Book Club: ‘For Whom the Bell Tolls’
Some Plot Spoilers!!
For Whom the Bell Tolls is the result of Ernest Hemingway’s time spent in Spain during their civil war in the 1930’s. It is a brutal look at the physical and mental struggles that impact those involved in, and affected by, war. Although it isn’t my favorite Hemingway work, I just recently finished it for real (when it had been a required reading, I spark noted that shit), and wanted to pen some thoughts I had about it.
The novel’s pace initially had me lukewarm. A timespan covered in the first 50 pages of The Sun Also Rises (which is my favorite Hemingway book) eclipses the entire length of Bell. 4 days, 3 nights, 500 pages. While his customary terse prose is still in effect, it doesn’t seem to flow as well as I thought it would. Although, with the entire scope of the book itself, it wasn’t one of the things taken into account primarily.
By far, the most interesting aspect of how the book is written is its narrative structure and use of language. For the better part of the first half, it is almost all in third person. As it continues on however, it exchanges between third person and first person inner-dialogue, mainly that of the main character, Robert Jordan. It is a technique that emphasizes the escalating mental strain endured by the ensemble Hemingway familiarizes us with. Furthermore, the language – including literary keywords like syntax, and diction! – is something that can be frustrating, and also fascinating. Obviously, the novel is told in English, with the idea that it has already been translated from the Spanish the characters are speaking. This results in Hemingway using things like false friends (ex., “molestar” does not mean “molest” it means bother, as in “me molesta” = “it bothers me” where he uses “it molests me”), direct translations (“voy” means “I go” but in reality we would use it in the continuous form, “I’m going,” but again Hemingway keeps “I go”), and grammar techniques used many times in Spanish but almost never in English (“que me digas” is a common way to say “tell me” but would literally be said as “that you tell me” which Hemingway uses). This permeates the entire novel, in no small part influenced by his immersion in key Spanish cities reporting during the war.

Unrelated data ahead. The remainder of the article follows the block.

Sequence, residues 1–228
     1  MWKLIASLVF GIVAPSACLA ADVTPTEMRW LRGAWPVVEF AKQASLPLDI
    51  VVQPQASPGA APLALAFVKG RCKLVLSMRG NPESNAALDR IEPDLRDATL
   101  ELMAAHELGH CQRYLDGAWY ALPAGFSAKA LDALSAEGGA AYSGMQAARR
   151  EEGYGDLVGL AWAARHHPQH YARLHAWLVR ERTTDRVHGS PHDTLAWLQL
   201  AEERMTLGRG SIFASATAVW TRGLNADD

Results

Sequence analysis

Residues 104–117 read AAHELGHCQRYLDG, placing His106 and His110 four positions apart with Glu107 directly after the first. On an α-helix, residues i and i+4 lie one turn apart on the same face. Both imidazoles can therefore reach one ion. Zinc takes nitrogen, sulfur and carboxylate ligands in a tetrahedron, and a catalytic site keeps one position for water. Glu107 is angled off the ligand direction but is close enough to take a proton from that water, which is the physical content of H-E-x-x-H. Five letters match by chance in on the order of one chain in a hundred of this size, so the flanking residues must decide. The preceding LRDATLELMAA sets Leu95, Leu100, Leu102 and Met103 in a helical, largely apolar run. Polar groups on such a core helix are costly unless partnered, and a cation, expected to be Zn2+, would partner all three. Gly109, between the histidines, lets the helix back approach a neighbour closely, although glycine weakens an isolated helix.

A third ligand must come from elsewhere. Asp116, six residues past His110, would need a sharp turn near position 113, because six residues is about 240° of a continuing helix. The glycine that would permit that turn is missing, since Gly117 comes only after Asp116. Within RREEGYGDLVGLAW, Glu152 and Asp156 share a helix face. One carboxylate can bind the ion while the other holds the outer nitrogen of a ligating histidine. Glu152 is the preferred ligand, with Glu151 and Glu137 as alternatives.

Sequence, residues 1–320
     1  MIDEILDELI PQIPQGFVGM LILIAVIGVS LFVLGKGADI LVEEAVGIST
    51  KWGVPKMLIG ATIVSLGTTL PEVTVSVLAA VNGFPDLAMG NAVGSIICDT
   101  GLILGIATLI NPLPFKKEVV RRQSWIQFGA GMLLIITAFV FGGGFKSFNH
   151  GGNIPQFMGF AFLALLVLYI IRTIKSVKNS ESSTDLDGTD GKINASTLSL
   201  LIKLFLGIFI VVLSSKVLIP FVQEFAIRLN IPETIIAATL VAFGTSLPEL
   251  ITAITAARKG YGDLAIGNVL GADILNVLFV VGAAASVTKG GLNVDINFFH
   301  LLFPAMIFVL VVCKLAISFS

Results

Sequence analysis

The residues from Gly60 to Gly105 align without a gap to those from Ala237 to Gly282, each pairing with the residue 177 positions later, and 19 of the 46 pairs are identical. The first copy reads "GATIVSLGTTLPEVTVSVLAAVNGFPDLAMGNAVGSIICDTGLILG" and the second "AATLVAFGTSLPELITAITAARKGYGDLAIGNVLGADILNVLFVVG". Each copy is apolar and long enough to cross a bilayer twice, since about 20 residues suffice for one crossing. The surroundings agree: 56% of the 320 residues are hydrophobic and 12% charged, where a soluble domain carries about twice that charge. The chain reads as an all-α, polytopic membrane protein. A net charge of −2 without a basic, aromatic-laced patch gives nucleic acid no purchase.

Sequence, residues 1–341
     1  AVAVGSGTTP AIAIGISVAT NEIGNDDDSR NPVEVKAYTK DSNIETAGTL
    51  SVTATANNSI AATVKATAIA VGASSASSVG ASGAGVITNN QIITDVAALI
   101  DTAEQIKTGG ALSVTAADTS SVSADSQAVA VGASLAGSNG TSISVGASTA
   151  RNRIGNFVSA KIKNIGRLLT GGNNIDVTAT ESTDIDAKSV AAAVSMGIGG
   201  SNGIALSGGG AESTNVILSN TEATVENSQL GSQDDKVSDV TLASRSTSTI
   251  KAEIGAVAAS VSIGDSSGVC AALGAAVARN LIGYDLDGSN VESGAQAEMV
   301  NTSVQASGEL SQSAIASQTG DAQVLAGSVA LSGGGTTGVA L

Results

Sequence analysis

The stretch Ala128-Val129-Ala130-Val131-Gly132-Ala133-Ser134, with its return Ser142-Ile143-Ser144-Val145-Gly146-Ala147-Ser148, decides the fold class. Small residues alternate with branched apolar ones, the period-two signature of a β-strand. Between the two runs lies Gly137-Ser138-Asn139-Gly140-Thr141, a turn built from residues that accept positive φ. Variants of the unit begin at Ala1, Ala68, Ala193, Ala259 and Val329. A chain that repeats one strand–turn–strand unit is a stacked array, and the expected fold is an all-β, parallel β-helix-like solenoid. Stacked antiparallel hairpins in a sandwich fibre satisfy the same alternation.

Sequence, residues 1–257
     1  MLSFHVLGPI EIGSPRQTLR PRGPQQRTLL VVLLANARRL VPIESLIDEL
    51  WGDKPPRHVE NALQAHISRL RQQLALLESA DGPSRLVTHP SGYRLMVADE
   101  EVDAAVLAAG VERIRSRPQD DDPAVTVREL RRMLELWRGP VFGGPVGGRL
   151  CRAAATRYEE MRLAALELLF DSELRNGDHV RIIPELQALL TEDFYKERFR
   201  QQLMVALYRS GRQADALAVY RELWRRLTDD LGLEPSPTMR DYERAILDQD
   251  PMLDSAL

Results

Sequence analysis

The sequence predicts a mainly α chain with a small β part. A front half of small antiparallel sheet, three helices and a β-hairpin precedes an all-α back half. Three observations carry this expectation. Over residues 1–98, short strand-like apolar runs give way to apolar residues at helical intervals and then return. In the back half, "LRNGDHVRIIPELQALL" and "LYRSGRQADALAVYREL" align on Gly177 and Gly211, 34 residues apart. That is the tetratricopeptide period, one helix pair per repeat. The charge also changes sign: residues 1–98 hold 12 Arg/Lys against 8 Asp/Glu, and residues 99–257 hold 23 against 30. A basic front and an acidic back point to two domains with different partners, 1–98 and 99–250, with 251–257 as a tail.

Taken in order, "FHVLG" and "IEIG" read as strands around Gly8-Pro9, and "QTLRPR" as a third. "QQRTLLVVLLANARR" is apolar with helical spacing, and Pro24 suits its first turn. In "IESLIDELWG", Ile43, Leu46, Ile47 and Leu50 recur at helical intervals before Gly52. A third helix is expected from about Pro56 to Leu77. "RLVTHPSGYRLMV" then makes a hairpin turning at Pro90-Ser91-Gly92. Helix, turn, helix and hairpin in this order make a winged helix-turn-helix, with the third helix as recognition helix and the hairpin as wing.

One thing that left me in a bit of a conundrum about his use of language was that, as a Spanish speaker, I can understand what he is trying to say in all of the instances where it doesn’t seem like sound English. Also, he many times uses Spanish, which he sometimes translates immediately after, but sometimes doesn’t. Again, I can understand the Spanish, and in that sense it doesn’t affect me one way or another, but towards the end he also uses a little French, which I don’t speak, and I realized how vexing it could possibly be to attempt to translate key things that characters may be saying. Overall, the narrative structure and language hadn’t really enhanced the book in my eyes, because of the above mentioned.